A really, really great ability at building business from an LVN perspective, but they struggle sometimes on closing where then I have a great closer who struggles a little bit on the outbound side of things. You sit those people together and think beautiful things happen. As long as those individuals are driven for their own success.
Fantastic. And you, you mentioned there's something so like. And what personalities tend to ramp quickly. I mean, you always want that, that ramp to be, you know, the, the golden one is, is three months. However people can do it in, in, you know, sick people take sometimes six months. Some people take two months, it all, it all varies what personality you're looking for for, for a quick and straight, straight for.
Over the last 12 months, I've really identified to myself that to be, especially now that we're digital, now that we're digital, I can't put you in a room and kind of like force you to pick up the phone. Cause everybody else's. I used to be able to do that. Now you need, it's not an, I hate the term self-starter because it's just too generic.
Like we've, we've we've overused. We've it's just, we've beat that dead horse. So. Competition like anybody with a competitive background. And I think that the thing is, is a few years back in tech sales, a competitive, like say. Somebody who is innately competitive, kinda got tied into bro culture. And it was kind of like a bad thing.
And we didn't really want to say it. But the thing is, is people who are competitive. Like we're talking about Olympians, we're talking about like, like, like team players who, although they're so competitive. I saw the Boston marathon, two people in the lead car, you know, gave up their lead position to be able to carry some guy who was, who was faint across the finish line.
There's nothing wrong with being competitive, as long as your competitor. But a competitive somebody with a background of being competitive is so important in this digital world now, because they might meet with me in the morning just to get the day started. And then I might not see them all day and they need to be a self-starter who understands that this opportunity and they're in front of their laptop is literally, could literally be game changing for the next number of years of their lives to propel their career to where they want to go.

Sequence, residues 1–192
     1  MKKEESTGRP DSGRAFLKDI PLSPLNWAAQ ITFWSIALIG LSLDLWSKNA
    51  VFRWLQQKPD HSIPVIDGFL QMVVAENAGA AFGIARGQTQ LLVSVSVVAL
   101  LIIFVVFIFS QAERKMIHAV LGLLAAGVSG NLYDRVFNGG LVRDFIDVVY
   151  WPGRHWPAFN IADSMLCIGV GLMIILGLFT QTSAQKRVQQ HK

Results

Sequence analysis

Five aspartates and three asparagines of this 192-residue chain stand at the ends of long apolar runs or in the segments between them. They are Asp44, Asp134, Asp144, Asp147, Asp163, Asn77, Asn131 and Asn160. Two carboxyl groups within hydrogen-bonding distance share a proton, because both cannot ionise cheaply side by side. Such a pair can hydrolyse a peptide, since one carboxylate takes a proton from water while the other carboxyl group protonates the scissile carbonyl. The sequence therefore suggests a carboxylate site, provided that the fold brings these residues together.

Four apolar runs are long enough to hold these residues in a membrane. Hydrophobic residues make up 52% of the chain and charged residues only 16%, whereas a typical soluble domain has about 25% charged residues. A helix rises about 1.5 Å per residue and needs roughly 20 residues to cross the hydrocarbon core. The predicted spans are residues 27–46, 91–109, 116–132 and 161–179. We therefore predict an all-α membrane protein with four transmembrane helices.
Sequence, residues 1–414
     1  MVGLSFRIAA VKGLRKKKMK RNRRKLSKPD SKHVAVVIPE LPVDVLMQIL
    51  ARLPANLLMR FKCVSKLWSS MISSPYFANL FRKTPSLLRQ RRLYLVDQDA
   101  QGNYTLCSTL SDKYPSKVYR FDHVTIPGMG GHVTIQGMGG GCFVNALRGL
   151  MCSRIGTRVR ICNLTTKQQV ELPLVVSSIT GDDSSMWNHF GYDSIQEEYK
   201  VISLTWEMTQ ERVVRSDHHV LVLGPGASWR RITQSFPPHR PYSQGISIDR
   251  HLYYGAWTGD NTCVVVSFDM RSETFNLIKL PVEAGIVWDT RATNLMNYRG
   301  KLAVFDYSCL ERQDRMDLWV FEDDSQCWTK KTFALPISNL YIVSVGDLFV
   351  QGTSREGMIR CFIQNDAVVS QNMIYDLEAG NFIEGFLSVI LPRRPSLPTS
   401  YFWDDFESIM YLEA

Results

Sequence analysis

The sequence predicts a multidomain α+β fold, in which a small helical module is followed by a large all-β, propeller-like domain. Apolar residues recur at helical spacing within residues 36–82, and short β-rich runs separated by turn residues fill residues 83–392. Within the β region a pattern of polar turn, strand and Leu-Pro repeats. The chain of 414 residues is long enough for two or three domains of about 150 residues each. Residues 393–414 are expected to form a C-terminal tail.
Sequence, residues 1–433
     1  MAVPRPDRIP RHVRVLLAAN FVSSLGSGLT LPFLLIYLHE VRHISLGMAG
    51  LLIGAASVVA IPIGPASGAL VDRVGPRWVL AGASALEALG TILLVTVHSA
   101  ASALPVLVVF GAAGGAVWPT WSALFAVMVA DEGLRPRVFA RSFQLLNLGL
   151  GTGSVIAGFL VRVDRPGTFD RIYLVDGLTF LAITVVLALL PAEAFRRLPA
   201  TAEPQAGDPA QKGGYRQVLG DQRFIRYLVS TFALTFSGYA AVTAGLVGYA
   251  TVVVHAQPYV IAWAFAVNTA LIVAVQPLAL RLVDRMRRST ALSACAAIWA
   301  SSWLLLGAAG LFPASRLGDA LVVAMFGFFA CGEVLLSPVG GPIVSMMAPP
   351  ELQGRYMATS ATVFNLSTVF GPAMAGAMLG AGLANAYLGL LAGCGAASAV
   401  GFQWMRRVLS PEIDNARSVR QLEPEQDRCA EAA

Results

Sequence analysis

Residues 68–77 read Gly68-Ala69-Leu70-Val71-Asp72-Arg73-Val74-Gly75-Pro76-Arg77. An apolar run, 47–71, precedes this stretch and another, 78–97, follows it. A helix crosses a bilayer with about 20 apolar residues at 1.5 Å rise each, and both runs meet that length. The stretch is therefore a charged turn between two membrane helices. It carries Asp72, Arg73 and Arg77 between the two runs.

And if they can't identify that. You're never going to be able to motivate them. And I always say that to reps that I bring on teams, there will be times when they feel motivated by me, but don't look to me to get motivated because I just simply won't be able to do that because as the team scales and all of a sudden I've got 20 reps under my umbrella.
I only have so much time and I'm only one person. So you have to look to motivate yourself. Fantastic. You mentioned this and it's something that really resonates with me. You know, how COVID has affected your leadership style. So like how, how do you find that you've had to change your leadership style?
Because of the current way of life, not seeing people's eyes, not, not, you know, going into the office and looking people in the eyes and go like you. Okay. And then now you're doing it over zoom. How have you found that you personally have had to adapt and overcome. Yeah. I've had a lot of conversations with, with my network on this, my very close network and one, one individual, a very good friend of mine.
Uh he's head of sales, operations. That actually, I should introduce them to you for another one of these. He'd be okay. Or, yeah. Um, he said to me, he's like, what he's noticing is that the impact is there. It's just slow. And I think I was, I focused so much on speed when I was in office. So, you know, prior to the, prior to this digital first, um, work workforce that we find ourselves in and evolving towards, I was really, it was all about speed time, you know, time to revenue.
So let's onboard as quick as we can. It's going to be uncomfortable for the reps, but it's okay. Cause I'm sitting next to you and you have somebody else sitting next to you and you're going to sit next to one of the best salespeople on the team. For two days and just watch what they do. Listen to the ask questions that's gone now.
Now it's Hey, watch these asynchronous videos we're going to meet. And the biggest thing that I found Theo is I used to push a lot of tools and strategies onto my team. These are tools that I've proven out, increased conversion rates, increase close rates, things like video like VR. But what I found is that.
Now that we are in a digital digital world, you can't just push those on people anymore. I used to be very successful in doing that Theo. You've never used video this morning. I need to show you how to use it. And then you start using it this afternoon. And once you start seeing, I know it's going to be uncomfortable.